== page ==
Ghosts by Gracie Bialecki


Turning Wheel by Chelsea Hirn

In my mind, I see a woman as sturdy as the tree she sits under.

She does not flinch when the growing wind touches her face, nor when

The tide of grief wants to pull her under.

She simply sits, bones like roots, no reaction as the breeze

Tosses deep red curls around her face

And deep red leaves around her body.

She just is, like the tree, knowing fully

That this is a season of her life, and like any other,

It will turn on the wheel,

It will grow heavy, shed, and bleed

And then grow full again, and again.


She did not feel despair when her hand mirror

Began to show wrinkles where freckles had been,

Though perhaps she let fall a tear or two.

She did not have to mourn long the passing of the freedom of her youth

Because every moment was spent

In good company: her own,

That of her heart.

And she always knew this day would come,

And lived her youth in greater abandon and relish


She burnt it wild, like fire.


She will not cry out when her scrying mirror

Begins to show her days slowing down,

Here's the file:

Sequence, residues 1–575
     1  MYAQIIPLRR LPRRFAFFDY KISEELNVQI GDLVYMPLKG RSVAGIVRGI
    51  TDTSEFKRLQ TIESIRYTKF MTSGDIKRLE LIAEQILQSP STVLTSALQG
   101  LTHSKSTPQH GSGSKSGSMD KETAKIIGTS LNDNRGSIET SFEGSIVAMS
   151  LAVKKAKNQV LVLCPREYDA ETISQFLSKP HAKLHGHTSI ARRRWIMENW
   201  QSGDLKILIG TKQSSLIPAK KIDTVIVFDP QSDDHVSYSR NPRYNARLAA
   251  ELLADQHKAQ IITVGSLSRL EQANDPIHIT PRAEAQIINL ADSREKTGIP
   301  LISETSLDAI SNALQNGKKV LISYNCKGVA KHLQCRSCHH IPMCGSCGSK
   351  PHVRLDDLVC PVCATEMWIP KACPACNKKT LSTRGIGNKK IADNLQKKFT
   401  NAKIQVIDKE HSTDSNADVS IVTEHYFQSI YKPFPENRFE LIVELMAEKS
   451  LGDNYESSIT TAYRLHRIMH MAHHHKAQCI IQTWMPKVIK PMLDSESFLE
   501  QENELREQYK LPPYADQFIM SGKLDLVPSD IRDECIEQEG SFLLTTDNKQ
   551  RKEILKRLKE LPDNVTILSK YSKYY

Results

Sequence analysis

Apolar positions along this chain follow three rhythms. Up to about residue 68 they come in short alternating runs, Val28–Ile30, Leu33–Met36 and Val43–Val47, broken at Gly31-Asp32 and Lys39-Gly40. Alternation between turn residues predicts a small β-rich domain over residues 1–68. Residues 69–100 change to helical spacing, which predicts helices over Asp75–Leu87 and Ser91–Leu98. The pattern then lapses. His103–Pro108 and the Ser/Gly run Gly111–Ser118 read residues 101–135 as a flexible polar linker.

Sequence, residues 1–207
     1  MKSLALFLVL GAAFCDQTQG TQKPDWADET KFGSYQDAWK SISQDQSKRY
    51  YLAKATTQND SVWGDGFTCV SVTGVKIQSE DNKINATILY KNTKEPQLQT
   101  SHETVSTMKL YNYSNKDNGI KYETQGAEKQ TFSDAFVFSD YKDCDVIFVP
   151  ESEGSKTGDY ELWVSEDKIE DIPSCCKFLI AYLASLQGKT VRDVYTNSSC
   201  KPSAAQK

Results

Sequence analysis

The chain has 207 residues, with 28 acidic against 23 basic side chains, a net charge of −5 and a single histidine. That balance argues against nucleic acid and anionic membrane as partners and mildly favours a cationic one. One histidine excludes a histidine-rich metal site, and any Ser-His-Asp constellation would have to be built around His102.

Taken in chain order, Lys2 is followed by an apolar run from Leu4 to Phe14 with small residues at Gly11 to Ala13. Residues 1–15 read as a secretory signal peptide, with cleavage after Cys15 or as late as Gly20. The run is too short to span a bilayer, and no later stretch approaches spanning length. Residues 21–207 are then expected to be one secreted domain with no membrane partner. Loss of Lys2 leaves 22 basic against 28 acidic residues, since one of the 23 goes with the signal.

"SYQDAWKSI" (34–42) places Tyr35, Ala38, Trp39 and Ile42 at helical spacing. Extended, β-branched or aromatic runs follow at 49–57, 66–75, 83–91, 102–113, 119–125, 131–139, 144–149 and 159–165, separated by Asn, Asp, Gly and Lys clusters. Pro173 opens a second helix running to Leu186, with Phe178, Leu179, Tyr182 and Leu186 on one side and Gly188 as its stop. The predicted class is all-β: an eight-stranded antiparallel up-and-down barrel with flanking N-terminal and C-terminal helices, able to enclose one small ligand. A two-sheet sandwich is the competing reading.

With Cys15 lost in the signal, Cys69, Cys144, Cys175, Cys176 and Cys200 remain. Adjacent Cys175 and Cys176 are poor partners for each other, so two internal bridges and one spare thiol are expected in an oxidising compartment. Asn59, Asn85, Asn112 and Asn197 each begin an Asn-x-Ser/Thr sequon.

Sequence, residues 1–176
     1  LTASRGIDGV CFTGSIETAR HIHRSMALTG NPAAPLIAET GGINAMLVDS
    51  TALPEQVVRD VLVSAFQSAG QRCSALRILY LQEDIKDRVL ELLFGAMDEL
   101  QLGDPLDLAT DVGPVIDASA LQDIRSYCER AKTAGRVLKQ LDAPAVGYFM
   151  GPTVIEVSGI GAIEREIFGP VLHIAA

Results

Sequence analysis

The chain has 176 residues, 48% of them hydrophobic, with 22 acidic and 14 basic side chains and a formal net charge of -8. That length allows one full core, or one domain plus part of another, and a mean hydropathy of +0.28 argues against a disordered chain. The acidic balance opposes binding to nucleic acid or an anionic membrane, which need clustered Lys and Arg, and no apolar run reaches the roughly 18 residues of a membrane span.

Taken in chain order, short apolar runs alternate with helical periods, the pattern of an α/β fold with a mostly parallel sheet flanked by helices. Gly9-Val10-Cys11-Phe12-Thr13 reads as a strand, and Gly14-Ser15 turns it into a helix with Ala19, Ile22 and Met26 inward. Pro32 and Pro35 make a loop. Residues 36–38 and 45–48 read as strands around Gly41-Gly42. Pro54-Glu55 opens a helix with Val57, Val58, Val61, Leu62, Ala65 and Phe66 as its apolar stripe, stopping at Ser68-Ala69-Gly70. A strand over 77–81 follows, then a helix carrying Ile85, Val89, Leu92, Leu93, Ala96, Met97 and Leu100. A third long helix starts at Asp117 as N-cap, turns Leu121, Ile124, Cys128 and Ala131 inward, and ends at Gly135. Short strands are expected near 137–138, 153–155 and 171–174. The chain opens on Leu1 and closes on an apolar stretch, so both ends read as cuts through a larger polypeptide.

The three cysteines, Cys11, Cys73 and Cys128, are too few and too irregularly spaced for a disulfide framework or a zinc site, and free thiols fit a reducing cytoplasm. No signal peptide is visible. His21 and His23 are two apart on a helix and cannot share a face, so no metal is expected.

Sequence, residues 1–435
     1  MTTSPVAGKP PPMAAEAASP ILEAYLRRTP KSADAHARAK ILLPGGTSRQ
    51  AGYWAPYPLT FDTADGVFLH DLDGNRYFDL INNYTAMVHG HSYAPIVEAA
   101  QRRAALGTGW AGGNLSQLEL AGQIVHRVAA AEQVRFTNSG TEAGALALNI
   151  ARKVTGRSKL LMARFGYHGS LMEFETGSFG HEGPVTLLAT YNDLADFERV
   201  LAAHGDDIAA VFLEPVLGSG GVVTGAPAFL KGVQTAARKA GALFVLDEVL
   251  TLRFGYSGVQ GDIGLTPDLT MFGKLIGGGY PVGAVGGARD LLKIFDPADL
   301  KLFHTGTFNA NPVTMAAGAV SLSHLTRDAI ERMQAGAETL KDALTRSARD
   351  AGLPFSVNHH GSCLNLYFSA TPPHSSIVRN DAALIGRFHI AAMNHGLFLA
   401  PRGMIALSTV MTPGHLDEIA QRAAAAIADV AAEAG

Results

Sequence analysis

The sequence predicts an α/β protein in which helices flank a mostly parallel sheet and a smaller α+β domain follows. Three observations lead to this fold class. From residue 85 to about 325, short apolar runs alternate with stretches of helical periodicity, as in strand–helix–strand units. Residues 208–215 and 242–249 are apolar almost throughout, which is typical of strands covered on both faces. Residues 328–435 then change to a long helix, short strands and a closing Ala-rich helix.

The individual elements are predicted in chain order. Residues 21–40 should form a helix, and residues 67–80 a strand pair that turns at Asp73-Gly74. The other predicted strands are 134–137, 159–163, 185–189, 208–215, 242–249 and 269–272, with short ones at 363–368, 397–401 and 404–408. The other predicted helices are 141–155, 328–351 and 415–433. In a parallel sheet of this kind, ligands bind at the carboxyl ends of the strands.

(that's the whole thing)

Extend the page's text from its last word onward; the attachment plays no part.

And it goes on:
Red turning to amber, and then silver.

She knew from her first morning under this tree,

When her cheeks still glowed pink

And her bones were little more than sprouts,

That not one of her days would be alike to the last, nor the next.

She found freedom there.


In this moment, she knows that

Though this growing storm,

Kindled by the glorious sweep of her unbridled impulse,

Will blaze around her, grow hotter, wetter,

Soak her dress,

Tangle her hair,

Turn the earth beneath her to mud,

Pull her down, deeper, to rot among autumn leaves

She knows that rot is creation,

That rot becomes soil, and soil trees.

She knows that

Though the fires she lit behind her through her living

Have caught up to her, and she has much to answer for,

Fire clears the soul,

Like the woods,

Of old and gnarled things begging to end,

Makes ready space for seeds.


I see this woman in my mind,

And I try to hold fast to her,

But each of my days is a season unto itself,

Each bringing a dozen storms

And a hundred new leaves,

And her image fades,

And then grows,

And fades again,

And I do not know her freedom, or her strength.